Seminole: Level: Down 0.8 feet. Temp: 90 degrees. Clarity: Clear.
Bass: Slow. Guide Matt Baty reports, “The dog days of summer have the fish biting slow. Fish are also starting to move quite a bit because of the oxygen levels in the water and the shorter days. Fishing thick vegetation is your best bet for getting bit. Topwater can be good during the first hour of daylight. A 3/8-oz. Buddha Baits Snooze Alarm Buzzbait is good when thrown around grasslines that are closest to ditches or channels. Use your Lowrance electronics to locate these. During that time, work the buzzbait fast, and cover as much water as possible to find an active fish or two. For the buzzbait, I like to use Sunline 50-lb. braid, a 7-6 Buddha Stick in medium/heavy and a Lews Team Lite in 7:5:1 gear ratio. The buzzbait bite usually only lasts for about a half hour or so unless there is heavy cloud cover. If cloud cover is present, you can pretty much stick with this technique longer, but if the sun comes out, it’s time to either pick up the frog rod or the flipping stick. For frogging, target thick lily pad fields on the Chattahoochee with a Spro Bronzeye 65 in rainforest black. Use a fast reel, heavy braid and a heavy-action rod, and move fast to cover water and find an active fish. There haven’t been many reports of fish being schooled up in any one particular area, so covering water is key. For flipping, use the same heavy setup with a 1 1/4-oz. tungsten, a 5/0 Heavy Cover Gamakatsu Flipping Hook and a 5-inch Big Bite Baits Fighting Frog in prime rib. Any grass that is topped out with a good edge on it can be good. Once again just move quickly, and try and cover as much water as possible. As soon as cooler weather gets here, the grass will begin to break up, and moving baits will start catching fish again.” Guide Aaron Crews reports, “The early and late bass bites on topwater is improving. I’m catching good fish on Whooper Stoppers, red-and-white Jitterbugs and AC spinners in a shad pattern. I strongly suspect a Bagley’s jerkbait in gold and black would work as well. I usually start out with a Jitterbug before daylight, and then I change over to a jerkbait. Next, I fish a spinnerbait or a buzzbait, depending on cloud cover. Then I go to a Horny Toad, Zoom Super Fluke or a frog. As the morning progresses, I then go to a worm or crankbait. I believe that topwater will continue to improve with Baby Torpedoes in white with a red head or baby bass. Heddon Chuggers in clear should start to work on the Creek since the water color is clear this time of year. The Chattahoochee River is slightly stained, as well as the Flint River and main lake. The grass is topped out for the most part, and the green grass is best. The alligator hunters have taken some nice gators. I saw some hunters cleaning a 10-4 at Spring Creek Park, as well as an 8-4 at Trails End. I have seen a few flights of black birds, as well as one flight of teal, so the birds are starting to migrate.”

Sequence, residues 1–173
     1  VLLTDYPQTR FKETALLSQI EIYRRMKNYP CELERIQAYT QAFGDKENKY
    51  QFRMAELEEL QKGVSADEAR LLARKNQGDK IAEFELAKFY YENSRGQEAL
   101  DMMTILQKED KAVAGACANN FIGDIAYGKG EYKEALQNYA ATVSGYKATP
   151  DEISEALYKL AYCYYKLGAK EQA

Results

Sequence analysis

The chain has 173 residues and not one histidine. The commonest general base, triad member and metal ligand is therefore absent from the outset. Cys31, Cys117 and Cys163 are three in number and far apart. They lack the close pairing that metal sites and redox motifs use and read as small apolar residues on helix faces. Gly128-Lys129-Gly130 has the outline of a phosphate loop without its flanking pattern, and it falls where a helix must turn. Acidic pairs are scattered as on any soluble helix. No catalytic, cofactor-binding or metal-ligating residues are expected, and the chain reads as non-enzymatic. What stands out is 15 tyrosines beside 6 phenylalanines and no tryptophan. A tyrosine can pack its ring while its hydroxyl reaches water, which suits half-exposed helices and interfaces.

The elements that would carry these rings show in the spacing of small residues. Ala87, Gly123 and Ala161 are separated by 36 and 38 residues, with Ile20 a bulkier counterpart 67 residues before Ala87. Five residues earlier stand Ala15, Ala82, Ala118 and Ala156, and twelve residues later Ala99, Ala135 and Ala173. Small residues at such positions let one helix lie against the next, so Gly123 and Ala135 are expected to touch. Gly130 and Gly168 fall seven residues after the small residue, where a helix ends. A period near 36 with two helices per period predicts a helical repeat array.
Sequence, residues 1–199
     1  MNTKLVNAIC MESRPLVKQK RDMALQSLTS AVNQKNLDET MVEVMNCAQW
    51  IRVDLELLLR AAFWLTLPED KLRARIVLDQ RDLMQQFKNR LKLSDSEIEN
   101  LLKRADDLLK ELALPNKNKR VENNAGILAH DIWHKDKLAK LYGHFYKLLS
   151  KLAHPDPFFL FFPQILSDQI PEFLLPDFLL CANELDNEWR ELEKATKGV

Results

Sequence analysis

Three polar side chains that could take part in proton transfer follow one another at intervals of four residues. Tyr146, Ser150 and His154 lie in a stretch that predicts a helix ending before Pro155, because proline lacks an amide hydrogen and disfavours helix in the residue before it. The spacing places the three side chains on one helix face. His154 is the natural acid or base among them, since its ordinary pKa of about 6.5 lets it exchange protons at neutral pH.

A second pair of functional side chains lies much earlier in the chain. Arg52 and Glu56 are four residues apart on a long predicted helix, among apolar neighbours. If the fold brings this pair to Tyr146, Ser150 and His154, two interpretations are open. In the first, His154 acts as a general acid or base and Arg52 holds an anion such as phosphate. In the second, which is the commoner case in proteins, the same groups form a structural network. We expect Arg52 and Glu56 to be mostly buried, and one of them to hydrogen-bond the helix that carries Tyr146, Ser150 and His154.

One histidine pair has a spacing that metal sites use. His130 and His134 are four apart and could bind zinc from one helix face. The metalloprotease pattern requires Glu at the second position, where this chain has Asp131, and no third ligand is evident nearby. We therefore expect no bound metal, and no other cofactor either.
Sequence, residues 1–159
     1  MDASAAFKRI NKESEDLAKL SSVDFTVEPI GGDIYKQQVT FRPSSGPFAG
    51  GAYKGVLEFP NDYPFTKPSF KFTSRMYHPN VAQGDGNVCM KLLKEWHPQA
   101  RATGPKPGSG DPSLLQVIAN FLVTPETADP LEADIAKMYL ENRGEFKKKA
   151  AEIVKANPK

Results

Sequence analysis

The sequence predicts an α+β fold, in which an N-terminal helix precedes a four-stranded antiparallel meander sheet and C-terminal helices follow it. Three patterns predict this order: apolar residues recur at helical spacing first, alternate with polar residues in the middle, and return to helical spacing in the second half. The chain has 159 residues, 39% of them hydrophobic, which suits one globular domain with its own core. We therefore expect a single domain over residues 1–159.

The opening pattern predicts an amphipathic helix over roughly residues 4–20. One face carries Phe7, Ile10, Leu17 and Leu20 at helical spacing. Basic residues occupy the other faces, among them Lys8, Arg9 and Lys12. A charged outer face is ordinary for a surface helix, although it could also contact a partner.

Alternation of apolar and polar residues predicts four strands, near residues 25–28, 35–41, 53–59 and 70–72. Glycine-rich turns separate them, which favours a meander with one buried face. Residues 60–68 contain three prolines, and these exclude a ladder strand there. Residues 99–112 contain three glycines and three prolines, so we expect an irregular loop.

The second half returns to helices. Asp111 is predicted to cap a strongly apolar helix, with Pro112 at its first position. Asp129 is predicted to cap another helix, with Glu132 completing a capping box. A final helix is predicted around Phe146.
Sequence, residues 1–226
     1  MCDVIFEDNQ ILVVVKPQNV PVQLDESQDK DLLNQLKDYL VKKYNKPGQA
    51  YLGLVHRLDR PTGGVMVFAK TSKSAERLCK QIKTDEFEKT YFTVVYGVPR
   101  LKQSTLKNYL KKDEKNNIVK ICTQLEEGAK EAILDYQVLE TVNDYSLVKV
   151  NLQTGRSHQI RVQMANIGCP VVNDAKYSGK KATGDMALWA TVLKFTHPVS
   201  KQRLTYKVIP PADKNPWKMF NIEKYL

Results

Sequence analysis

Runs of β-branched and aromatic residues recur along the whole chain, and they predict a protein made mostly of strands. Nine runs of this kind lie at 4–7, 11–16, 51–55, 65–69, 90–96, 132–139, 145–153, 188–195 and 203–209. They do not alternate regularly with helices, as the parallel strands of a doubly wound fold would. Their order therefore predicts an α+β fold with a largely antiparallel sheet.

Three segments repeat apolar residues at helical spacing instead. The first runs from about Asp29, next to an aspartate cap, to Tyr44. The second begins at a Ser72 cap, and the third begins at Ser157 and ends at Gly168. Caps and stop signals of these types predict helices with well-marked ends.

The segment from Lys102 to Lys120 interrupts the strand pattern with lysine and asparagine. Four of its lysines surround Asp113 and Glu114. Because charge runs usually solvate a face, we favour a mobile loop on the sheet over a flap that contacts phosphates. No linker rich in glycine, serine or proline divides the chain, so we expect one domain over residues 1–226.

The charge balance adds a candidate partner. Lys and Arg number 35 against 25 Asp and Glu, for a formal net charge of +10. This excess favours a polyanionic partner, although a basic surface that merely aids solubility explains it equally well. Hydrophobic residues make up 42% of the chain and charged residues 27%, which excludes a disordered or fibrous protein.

Bream, Crappie and Catfish: Aaron reports, “According to Liz at Trail’s End, crappie are in 15 to 22 feet of water and being caught on minnows and jigs. Mike at Westside Bait and Tackle reports good catches of redbreast, bluegill and shellcracker on crickets and worms. There have been good catches of catfish on bush hooks, trot lines and noodles. Cut bait and chicken gizzards seem to be working best.”